I strive to keep his honor, his legacy alive in any way I can. He is my passion. I am surrounded by not only his keepsakes and photos, but with colorful fabrics of those in my family who are gone, all of which give me comfort.

Herby, forever that fun-loving big brother whom I still adore, I miss you.

Remembering and honoring today, Firebird Nine One, Capt. Herbert C Crosby, and his crew, WO George “Andy” Howes, SP5 Wayne C. Allen, and SP4 Francis G. Graziosi.

firebird nine one crew drawing

Firebird 91 Crew

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National POW/MIA Day 2015

pow mia poster 2015

It’s National POW/MIA Day 2015. You see that black and white POW/MIA flag every day, even if you don’t realize it, you see this flag. It’s most likely you don’t even know a POW or MIA soldier. However, if you don’t know what the flag symbolizes or means, well, shame on you. Look it up here: http://www.pow-miafamilies.org/powmia-bracelets/

I remember the day my brother, Capt. Herbert C Crosby, U.S. Army, became a statistic, Case# [1547], and was woven into that flag. That was in 1970, January 10, the tragic day he was listed Missing in Action in Vietnam.

low-mia flagThe POW/MIA flag brings unity for a common cause throughout our country, especially with our military, veterans and their families. It’s a symbol of hope. A reminder of those who gave their ultimate sacrifice for our freedom.

My family’s lives, as all families who had/have a loved one lost, left behind, changed drastically, and forever. I thank God we were a lucky family. Lucky in a way I usually don’t refer to.  I liken it to finding a needle in a haystack. That’s lucky. My brother’s remains were repatriated [1989], identified [2006] and buried in American soil in Arlington National Cemetery [2007].

I personally know two exPOWs and met many from WWII, Korea, and Vietnam. Their stories are shocking and atrocious.  It was an honor to meet the exPOWs and hear them share their stories in 2010 at the National Prisoner of War Museum in Andersonville, Georgia. I still believe there are men still alive in Vietnam, although I can barely grasp the pure hell they would live.

Many families are still waiting. We honor today those families, and the men and women who have not made it home. We recognize and support them, the citizens, and the government’s efforts to find and repatriate every single missing warrior.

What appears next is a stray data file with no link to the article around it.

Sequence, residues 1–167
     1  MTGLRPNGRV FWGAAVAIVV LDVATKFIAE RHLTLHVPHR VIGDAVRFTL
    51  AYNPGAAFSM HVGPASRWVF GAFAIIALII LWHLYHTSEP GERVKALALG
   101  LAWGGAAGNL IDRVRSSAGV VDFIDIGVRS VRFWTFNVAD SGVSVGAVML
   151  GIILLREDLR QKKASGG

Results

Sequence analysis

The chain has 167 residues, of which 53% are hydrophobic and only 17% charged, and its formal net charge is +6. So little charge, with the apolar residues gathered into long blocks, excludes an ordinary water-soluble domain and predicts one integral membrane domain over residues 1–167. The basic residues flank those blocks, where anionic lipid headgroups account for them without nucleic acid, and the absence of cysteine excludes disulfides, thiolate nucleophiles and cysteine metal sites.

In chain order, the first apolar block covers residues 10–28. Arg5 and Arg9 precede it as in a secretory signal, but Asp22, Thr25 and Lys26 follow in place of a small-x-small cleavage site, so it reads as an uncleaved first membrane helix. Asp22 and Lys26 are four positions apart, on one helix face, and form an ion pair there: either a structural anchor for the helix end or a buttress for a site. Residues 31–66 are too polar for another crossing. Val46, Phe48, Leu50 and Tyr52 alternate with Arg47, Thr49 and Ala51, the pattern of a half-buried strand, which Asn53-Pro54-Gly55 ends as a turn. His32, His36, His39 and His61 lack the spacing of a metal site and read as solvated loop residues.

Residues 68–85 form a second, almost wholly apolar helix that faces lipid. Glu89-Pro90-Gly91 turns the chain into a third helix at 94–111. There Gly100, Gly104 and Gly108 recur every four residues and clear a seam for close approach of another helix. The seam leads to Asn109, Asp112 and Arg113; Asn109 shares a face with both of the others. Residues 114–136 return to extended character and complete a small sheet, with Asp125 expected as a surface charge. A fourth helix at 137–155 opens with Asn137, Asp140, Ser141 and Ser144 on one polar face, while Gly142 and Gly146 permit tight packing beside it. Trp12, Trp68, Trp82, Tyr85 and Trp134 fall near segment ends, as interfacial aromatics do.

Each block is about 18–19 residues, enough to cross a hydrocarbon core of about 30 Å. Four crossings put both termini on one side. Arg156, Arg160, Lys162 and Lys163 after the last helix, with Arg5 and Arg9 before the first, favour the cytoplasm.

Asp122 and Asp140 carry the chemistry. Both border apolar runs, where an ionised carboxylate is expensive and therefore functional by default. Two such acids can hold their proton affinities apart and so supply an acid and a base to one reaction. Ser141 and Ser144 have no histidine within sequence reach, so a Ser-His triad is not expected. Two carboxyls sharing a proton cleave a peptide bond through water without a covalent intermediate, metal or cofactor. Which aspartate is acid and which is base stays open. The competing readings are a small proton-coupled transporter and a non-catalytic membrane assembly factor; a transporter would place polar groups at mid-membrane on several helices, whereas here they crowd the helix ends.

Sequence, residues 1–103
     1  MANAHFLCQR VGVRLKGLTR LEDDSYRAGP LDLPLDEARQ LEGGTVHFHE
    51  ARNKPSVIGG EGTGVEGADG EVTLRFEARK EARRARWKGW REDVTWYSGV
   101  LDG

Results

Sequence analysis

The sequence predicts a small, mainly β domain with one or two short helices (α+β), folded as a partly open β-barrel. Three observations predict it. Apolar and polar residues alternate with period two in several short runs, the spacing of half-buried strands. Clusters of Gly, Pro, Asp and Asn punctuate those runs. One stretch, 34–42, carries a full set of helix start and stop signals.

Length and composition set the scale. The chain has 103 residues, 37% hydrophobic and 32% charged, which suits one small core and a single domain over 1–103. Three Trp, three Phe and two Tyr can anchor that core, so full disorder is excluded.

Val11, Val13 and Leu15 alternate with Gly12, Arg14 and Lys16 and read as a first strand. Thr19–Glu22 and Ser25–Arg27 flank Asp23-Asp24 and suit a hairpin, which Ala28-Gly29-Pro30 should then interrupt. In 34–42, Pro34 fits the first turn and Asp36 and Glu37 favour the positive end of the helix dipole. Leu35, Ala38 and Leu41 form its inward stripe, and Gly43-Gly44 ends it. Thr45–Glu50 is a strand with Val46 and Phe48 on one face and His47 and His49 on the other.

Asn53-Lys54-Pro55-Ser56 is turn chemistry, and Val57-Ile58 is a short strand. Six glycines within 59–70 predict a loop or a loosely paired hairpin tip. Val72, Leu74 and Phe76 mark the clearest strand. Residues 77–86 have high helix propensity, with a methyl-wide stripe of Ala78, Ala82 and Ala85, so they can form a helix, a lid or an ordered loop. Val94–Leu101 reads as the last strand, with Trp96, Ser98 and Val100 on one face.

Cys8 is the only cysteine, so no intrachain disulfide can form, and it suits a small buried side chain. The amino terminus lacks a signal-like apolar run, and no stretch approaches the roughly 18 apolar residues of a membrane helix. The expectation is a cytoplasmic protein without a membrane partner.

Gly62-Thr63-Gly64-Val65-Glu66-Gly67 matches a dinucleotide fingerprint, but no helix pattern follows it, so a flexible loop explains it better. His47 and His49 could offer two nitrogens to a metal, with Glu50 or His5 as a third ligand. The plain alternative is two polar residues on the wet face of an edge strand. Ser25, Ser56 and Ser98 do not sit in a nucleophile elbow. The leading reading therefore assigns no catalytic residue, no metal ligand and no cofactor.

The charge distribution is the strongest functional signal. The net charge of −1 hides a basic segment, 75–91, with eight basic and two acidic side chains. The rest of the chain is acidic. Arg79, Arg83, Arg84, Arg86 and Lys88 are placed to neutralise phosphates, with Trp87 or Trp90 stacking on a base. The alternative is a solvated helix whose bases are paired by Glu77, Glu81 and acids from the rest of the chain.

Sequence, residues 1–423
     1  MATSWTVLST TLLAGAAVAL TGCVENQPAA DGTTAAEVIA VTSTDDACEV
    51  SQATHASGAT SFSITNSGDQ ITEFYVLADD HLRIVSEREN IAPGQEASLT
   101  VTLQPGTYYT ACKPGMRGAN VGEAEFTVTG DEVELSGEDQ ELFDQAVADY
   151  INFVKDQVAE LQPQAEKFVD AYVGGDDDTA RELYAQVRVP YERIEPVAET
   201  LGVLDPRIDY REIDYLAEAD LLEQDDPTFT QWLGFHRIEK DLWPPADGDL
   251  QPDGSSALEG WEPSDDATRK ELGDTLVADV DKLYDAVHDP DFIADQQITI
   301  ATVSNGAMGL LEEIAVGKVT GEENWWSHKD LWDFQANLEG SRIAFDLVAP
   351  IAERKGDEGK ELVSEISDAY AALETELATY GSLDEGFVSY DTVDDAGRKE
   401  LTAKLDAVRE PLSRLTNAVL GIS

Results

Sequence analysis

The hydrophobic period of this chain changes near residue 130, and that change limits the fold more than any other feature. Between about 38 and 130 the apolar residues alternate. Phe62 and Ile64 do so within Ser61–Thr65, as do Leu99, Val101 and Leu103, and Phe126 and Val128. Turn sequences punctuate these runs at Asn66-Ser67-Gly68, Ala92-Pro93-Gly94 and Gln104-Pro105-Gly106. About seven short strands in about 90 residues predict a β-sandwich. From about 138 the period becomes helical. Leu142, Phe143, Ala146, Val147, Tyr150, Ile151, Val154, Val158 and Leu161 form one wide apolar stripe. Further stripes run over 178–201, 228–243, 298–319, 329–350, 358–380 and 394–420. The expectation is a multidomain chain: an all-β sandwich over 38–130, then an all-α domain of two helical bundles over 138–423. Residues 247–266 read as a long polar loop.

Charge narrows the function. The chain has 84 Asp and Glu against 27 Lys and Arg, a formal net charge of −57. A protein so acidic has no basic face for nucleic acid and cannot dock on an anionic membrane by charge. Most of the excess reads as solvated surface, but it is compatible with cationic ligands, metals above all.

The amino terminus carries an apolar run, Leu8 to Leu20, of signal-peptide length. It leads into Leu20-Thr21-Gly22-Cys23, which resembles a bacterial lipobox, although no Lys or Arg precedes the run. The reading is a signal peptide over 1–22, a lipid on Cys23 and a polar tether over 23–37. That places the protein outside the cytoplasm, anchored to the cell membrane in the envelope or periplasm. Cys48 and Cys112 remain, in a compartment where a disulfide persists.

YOU ARE NOT FORGOTTEN.

Put on the whole armor of God, that you may be able to stand against the schemes of the devil. Ephesians 6:11

 

 

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POW/MIA Update – July 13, 2015

pow mia league

PROVIDED BY THE POW/MIA NATIONAL LEAGUE OF POW/MIA FAMILIES

AMERICANS ACCOUNTED FOR:  There still has been no published change to the number  unaccounted-for since the April 10th Update.  For various reasons, including wishes of the family, DoD announcements are often delayed far beyond the ID dates, and others are likely pending.  Several of those named this year were examples of how remains repatriated many years ago can now be identified using contemporary science that wasn’t available in earlier years. The number of Americans now listed by DoD as returned and identified since the end of the Vietnam War in 1975 is 956.  Another 63 US personnel, recovered by the US and identified before the end of the war, bring the total of US personnel accounted for from the Vietnam War to 1,019. Of the 1,627 still unaccounted-for, 90% were lost in Vietnam or in areas of Cambodia and Laos under Vietnam’s wartime control: Vietnam-1,269 (VN-467, VS-802); Laos-302; Cambodia-49; PRC territorial waters-7.  These country-specific numbers can and do fluctuate due to investigations resulting in changed locations of loss.  The League seeks the fullest possible accounting for those still missing, and repatriation of all recoverable remains.

NEW DPAA DIRECTOR NAMED & NOW MOVING FORWARD!  LTG (ret) Mike Linnington, USA, the new permanent Director, Defense POW/MIA Accounting Agency (DPAA), was named just before the League’s 46th Annual Meeting.  While always cautious to not overstate support for people named to positions of responsibility in the POW/MIA accounting mission, it is no overstatement to recognize his outstanding, varied background that is explained more fully in the upcoming League Newsletter.